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Protocol for Student Interview Requests

June 18, 2014

Several times per week I receive requests from social work students throughout the US and Canada to interview me as a social worker.

The interview request is an assignment and the student has to write a paper on the basis of the interview. The assignment is to help acquaint the student with information pertaining to the role, job and employment of social workers. All in all, this is a good exercise for the student or person considering entering the profession.

The request usually beings with the student sending an email, seeking permission to interview and asking if he or she can send a few questions to be answered by email. As per my experience, when I say yes, I then receive an email with 5 to 20 questions, all of which could take 30 to 60 minutes to answer fully. The request is often presented with a matter of urgency, as if the assignment was left to near the final deadline for submission. Often the request is poorly grammatically structured, punctuated and there are numerous spelling mistakes.

Needless-to-say, I simply cannot respond to these requests of my time. To reduce the requests, I have advised students that a condition of my consent is that I receive a copy of their paper. With that I rarely receive their questionnaire. If I do however, I rarely receive a copy of their paper as would be promised. If I do receive a paper, it often looks like a cut and paste job of the email I provided. This leaves me feeling like I have completed the student’s assignment and rarely does the student extend appreciation once my reply is provided.

On a go-forward basis, those students who seek to interview me must have their teacher/ professor/instructor contact me in advance to discuss the terms of the interview (number of questions, time to respond, copy of the report, reasonably written request, expression of gratitude) before I will consent to the interview. In other words, the student doesn’t only need to learn about the profession, but how to reasonably make requests of other professionals.

I am happy to oblige and give back to the profession with the teacher/professor/instructor appreciating the commitment involved and the necessity of their student’s preparation and impact on the interviewees time and energy.

Teacher/professor/instructor – If you would like my availability to meet the needs of your students, please call first to discuss. The entire process should provide for the student’s development.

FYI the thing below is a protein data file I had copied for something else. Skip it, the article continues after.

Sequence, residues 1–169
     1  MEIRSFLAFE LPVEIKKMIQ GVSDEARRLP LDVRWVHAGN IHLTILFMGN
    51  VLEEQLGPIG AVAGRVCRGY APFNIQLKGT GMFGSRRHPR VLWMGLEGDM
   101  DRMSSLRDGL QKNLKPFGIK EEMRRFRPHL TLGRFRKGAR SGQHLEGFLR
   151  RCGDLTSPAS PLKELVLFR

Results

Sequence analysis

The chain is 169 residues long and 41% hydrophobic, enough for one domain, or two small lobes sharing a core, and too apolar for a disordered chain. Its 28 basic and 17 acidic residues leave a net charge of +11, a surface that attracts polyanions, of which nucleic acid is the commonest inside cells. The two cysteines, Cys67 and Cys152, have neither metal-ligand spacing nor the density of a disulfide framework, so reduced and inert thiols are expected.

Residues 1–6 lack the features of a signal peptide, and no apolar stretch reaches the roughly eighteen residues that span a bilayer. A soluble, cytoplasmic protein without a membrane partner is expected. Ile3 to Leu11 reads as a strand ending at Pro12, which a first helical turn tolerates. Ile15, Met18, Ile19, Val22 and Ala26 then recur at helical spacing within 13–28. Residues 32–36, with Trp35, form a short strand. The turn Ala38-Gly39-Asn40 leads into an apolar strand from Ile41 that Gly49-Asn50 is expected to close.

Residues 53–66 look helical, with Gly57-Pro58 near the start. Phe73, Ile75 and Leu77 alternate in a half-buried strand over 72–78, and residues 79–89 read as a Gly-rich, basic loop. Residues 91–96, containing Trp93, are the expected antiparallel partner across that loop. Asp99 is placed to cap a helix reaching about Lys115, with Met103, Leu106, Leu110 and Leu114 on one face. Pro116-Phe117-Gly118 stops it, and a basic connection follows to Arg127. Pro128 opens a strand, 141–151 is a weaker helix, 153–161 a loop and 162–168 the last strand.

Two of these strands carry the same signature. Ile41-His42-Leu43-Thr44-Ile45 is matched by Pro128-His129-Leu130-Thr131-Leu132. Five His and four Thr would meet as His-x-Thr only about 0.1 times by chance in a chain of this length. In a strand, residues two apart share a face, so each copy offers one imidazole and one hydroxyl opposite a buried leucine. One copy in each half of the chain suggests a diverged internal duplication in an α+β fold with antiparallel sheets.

I am Gary Direnfeld and I am a social worker.

https://garydirenfeld.files.wordpress.com/2013/07/gary-feb-12.jpg?w=497

Gary Direnfeld, MSW, RSW

(905) 628-4847

gary@yoursocialworker.com
http://www.yoursocialworker.com

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Gary Direnfeld is a social worker. Courts in Ontario, Canada, consider him an expert in social work, marital and family therapy, child development, parent-child relations and custody and access matters. Gary is the host of the TV reality show, Newlywed, Nearly Dead, parenting columnist for the Hamilton Spectator and author of Marriage Rescue: Overcoming the ten deadly sins in failing relationships. Gary maintains a private practice in Dundas Ontario, providing a range of services for people in distress. He speaks at conferences and workshops throughout North America.

If your relationship is faltering, then set it as your priority.

Read: Marriage Rescue: Overcoming ten deadly sins in failing relationships.

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2 Comments
  1. Linda Grobman, MSW, LSW, CMP

    Gary, this issue has come up many times for me and for others involved in our previous online forum. I would add to what you have written that I *think* when a professor makes this assignment, he/she really wants the student to *interview* a social worker–rather than to simply e-mail a list of questions and have the social worker write the answers. As you said, in this case, the *interviewee* is really writing the paper. I think it would be much more educational and useful for the student to identify a local social worker, make a phone call and set up a time to either meet in person or talk by phone, and conduct a spoken interview. That way, the student can get a much better feel for the social worker’s role, can ask follow up questions, observe how the social worker talks and acts, and so forth. If the interview is held in the social worker’s office/agency, the student can get a much better feel for the work environment, also.

  2. P. Renee Johnson-Hedgepeth permalink

    I too feel that way. I generally don’t interviews but I have found that the students that have a vested interested will ask early, provide questions prior and will send you a rough draft of the paper to critique.

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